Updated: Apr 23
What are steady-state flow and incompressible flow? What is the continuity equation?
Table of Contents:
Imagine this! You are on a trek! You are walking along beautiful huge green mountains and trees.
Yes! You found the waterfall, that you followed since you heard it. Wonderful isn't it? Ever wondered why water flows in the direction it is flowing?
Nah! The reason is not just due to gravity (obviously it plays a role), but there is another reason too! Before getting into the details, let's understand few basic concepts.
Steady State flow:
Imagine a flowing fluid molecule follows the path PABQ. The direction of velocity at any point in a fluid is tangent to the fluid flow. Let's name the molecule alpha. For example, when alpha reaches point P, its velocity is 10m/s and its direction is as shown in the figure (velocity is a vector quantity). When alpha reaches point A, its velocity is 5m/s and direction as shown in the figure. Further, at point B, 7m/s and at point Q, 11m/s and directions respectively.
Now, a molecule beta which is followed by alpha follows the same path as alpha PABQ. The beta has to follow the same path as alpha to be steady-state. If the molecule beta has the same velocity and direction at each point as alpha then the flow is called Steady flow and streamline flow.
Steady State flow means the velocity (or any other fluid property) of fluid does not change over time at the same point.
Note: Steady flow does not mean the whole fluid has the same velocity.
The imaginary path of flowing fluid is called as streamline.
When the Mach Number is less than 0.3 the fluid is considered to be Incompressible. It simply means that the velocity of the fluid is not large enough for it to get compressed.
Equation of Continuity:
Continuity equation states that the product of cross-sectional area and the velocity is constant through-out the fluid flow.
The assumptions made by Bernoulli's Principle:
It is a steady flow.
It can be applied between two molecules of the same streamline. It cannot be applied between molecules of different streamlines.
It is incompressible flow. Its density does not change over time.
It is inviscid flow. The viscosity of the fluid is zero. There is no friction between the fluid.
It is irrotational flow. The angular velocity of the fluid is zero.
Any fluid flow takes place mainly due to pressure difference. Fluid always flows from high pressure to low pressure. Also, the total pressure in any fluid is always constant. How is that possible?
The high and low pressure that we were talking about earlier is Static pressure and the pressure that needs to be constant throughout the flow is Total pressure. As the fluid is in motion, in this case, Dynamic pressure also exists.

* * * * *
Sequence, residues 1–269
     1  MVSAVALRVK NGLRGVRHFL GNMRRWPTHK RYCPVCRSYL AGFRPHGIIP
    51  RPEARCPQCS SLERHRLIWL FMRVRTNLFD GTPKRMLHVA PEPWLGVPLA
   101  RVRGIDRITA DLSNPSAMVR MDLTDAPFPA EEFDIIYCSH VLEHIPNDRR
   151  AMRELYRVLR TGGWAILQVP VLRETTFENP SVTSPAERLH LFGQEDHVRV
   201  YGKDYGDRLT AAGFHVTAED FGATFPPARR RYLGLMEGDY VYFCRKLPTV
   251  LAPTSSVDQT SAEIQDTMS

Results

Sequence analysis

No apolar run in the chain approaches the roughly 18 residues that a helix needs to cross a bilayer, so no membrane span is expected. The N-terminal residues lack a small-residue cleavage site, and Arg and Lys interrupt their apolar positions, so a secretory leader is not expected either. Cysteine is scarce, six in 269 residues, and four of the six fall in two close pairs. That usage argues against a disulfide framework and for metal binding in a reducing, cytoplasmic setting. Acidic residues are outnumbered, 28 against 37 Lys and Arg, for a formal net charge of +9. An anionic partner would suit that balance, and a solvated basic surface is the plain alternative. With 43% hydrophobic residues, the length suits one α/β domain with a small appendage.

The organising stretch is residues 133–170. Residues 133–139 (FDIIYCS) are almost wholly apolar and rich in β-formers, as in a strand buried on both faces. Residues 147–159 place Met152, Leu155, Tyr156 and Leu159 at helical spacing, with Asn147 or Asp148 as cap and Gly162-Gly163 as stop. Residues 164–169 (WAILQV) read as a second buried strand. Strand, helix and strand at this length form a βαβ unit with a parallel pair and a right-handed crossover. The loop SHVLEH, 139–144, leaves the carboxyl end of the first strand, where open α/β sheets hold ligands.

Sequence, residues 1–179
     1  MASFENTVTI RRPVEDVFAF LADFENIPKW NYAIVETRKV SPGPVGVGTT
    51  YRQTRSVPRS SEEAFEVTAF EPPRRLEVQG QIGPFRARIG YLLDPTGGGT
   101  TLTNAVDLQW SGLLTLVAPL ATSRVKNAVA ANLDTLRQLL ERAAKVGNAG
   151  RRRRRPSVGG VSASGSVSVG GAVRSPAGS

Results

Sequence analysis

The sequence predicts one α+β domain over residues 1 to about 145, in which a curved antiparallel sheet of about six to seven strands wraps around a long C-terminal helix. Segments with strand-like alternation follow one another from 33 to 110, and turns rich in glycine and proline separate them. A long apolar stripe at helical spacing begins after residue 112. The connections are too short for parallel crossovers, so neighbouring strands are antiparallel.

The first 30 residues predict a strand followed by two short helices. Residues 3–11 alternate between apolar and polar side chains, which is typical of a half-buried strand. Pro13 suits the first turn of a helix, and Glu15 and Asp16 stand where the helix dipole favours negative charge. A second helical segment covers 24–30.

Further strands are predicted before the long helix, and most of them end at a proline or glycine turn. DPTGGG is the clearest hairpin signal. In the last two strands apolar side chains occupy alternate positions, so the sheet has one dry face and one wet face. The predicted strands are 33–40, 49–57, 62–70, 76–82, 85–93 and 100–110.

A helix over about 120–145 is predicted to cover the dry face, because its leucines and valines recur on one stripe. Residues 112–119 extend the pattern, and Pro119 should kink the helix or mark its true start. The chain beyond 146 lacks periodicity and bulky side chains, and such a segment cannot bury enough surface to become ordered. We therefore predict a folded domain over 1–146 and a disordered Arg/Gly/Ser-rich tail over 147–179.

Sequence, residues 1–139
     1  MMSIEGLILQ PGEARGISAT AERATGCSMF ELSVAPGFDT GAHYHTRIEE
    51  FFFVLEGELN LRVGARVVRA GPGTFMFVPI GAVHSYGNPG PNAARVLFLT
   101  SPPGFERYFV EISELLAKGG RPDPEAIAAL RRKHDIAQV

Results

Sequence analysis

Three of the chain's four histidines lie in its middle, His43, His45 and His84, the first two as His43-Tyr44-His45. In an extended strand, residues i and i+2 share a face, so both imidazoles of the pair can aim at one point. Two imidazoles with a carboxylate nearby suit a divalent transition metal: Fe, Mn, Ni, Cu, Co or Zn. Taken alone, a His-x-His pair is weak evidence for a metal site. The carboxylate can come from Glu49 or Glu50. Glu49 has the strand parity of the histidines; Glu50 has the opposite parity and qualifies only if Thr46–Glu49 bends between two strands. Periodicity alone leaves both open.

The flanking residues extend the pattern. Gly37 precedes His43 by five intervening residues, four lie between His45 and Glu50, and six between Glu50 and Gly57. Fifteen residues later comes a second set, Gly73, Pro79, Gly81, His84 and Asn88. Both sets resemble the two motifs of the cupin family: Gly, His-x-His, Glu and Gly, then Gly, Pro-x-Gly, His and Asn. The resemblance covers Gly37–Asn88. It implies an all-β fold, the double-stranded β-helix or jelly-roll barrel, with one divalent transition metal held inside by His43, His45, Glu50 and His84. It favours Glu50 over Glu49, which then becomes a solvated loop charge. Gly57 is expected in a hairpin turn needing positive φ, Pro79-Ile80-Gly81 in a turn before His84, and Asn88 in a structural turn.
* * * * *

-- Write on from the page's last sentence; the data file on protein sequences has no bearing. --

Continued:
Bernoulli's Principle is based on Conservation of energy in flowing fluids. The Pressure and Gravitational Energy in the flowing fluid should be conserved.
Hence, from the above equation we can infer that:
Bernoulli's Equation states that, for an ideal flowing fluid at any point the summation of Total pressure energy and Gravitational energy remains constant.
Referring to the figure, as the fluid flows from point 1 to point 2, the area of cross-section increases. Hence, by continuity equation the velocity increases, which means the dynamic pressure increases. Assuming gravitational energy to be negligible, the static pressure will increase. In summation, velocity and pressure are inversely proportional!
Next time whenever you witness a waterfall, remember the flow takes place not only due to gravity but also due to pressure difference.
Bernoulli's Principle assumes that the flow is ideal fluid flow.
Steady State flow means any fluid property does not change over time at the same point.
Fluid always flows from high static pressure to low static pressure.
The total pressure in any fluid is always constant.
Bernoulli's Equation states that the summation of Total pressure energy and Gravitational energy in an ideal fluid flow remains constant.
Bernoulli's Principle is based on the Conservation of energy in flowing fluids. Not only Gravitational Energy but also Pressure Energy in the flowing fluid should be conserved.
Velocity and pressure are inversely proportional.
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